Although a successful entrepreneur must be able to wear many hats, plenty of business leaders lack the confidence and cadence necessary to be effective at public speaking. This is a common fear among a large portion of the population, but fortunately there are a few simple steps that anyone can take to become more comfortable with the thought of addressing crowds.
Preparation is Key
The adage “practice makes perfect” is not technically accurate, but it is clear that the more a person prepares for public speaking, the more auspicious that process will become. Anyone trying to become a better public speaker should practice the speech several times, which can help reduce the feelings of anxiety and dread prior to taking the stage.
Identify With the Audience
When crafting remarks for a speech, entrepreneurs should know as much as possible about who will be in the audience. The tone, language, and even length of a speech might vary considerably depending on whether the audience is filled with employees, potential investors, or colleagues.
In addition to practicing the speech in its entirety, effective orators ensure that the flow of any speech is optimized to include a strong opening statement, a coherent theme, several easily identifiable points, and a memorable closing line.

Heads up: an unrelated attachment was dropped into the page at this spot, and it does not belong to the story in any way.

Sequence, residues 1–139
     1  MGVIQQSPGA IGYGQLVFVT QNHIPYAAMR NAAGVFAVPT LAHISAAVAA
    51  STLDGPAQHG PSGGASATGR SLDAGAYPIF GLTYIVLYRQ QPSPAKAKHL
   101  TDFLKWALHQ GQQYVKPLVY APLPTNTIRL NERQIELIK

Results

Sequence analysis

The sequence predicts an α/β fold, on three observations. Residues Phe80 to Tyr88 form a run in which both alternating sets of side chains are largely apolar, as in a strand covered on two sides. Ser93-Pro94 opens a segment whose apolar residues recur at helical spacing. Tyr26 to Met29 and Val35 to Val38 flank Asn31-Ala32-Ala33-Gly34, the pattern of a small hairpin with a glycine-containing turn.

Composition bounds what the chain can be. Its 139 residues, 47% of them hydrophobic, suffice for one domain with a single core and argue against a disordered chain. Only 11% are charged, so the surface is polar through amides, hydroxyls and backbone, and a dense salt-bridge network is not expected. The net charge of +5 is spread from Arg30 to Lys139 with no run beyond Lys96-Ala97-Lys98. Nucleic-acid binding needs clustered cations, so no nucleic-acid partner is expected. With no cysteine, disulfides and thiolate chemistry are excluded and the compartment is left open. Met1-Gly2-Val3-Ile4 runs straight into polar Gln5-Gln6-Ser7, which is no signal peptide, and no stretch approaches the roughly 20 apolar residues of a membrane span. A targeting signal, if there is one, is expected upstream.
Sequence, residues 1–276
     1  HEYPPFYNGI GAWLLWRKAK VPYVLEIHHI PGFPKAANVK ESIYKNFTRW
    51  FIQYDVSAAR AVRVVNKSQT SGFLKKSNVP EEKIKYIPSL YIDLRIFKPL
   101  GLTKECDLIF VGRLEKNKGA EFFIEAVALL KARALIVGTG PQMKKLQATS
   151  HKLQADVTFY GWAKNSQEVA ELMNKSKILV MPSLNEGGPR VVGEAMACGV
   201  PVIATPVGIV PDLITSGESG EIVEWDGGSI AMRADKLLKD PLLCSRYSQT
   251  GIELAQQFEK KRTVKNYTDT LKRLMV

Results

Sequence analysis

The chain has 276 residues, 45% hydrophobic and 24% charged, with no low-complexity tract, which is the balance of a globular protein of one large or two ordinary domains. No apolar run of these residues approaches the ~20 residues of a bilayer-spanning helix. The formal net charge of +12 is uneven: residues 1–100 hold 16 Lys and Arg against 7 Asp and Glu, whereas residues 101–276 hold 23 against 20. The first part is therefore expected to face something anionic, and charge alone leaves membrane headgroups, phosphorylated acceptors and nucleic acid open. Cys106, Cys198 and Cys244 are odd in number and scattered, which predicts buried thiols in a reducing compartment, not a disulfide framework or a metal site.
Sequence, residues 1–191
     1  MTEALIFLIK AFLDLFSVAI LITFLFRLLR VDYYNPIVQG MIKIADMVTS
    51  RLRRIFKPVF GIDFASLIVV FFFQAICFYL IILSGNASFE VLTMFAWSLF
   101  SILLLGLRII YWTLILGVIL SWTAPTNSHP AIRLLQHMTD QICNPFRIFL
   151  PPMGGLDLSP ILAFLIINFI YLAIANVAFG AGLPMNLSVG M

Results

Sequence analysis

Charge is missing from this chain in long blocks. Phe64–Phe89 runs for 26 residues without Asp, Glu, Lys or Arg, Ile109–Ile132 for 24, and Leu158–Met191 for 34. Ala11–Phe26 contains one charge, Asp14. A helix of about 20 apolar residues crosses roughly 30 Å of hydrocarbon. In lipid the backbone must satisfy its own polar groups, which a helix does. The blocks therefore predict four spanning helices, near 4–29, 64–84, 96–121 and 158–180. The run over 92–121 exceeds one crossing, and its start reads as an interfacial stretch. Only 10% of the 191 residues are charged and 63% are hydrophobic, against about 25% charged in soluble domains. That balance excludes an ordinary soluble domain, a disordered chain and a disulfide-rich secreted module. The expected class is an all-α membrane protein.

Adapt on the Fly
As much as an entrepreneur might practice in front of a mirror or with a close group of advisers, nothing will compare to actually looking out into the eyes of the audience. If it seems that people are beginning to lose interest, it might be wise to have a joke or non sequitur ready to grab their attention.
Be Comfortable In Your Skin
No speech is perfect, but the most effective ones come from a speaker who lets a bit of personality shine through. This might include autobiographical anecdotes or humorous stories, but no public speaker should rely on dry and impersonal words to do the trick.
No one wants to hear a dull speech being read directly from a script. Using a loose outline instead of prepared remarks can increase the comfort level for the speaker and audience alike.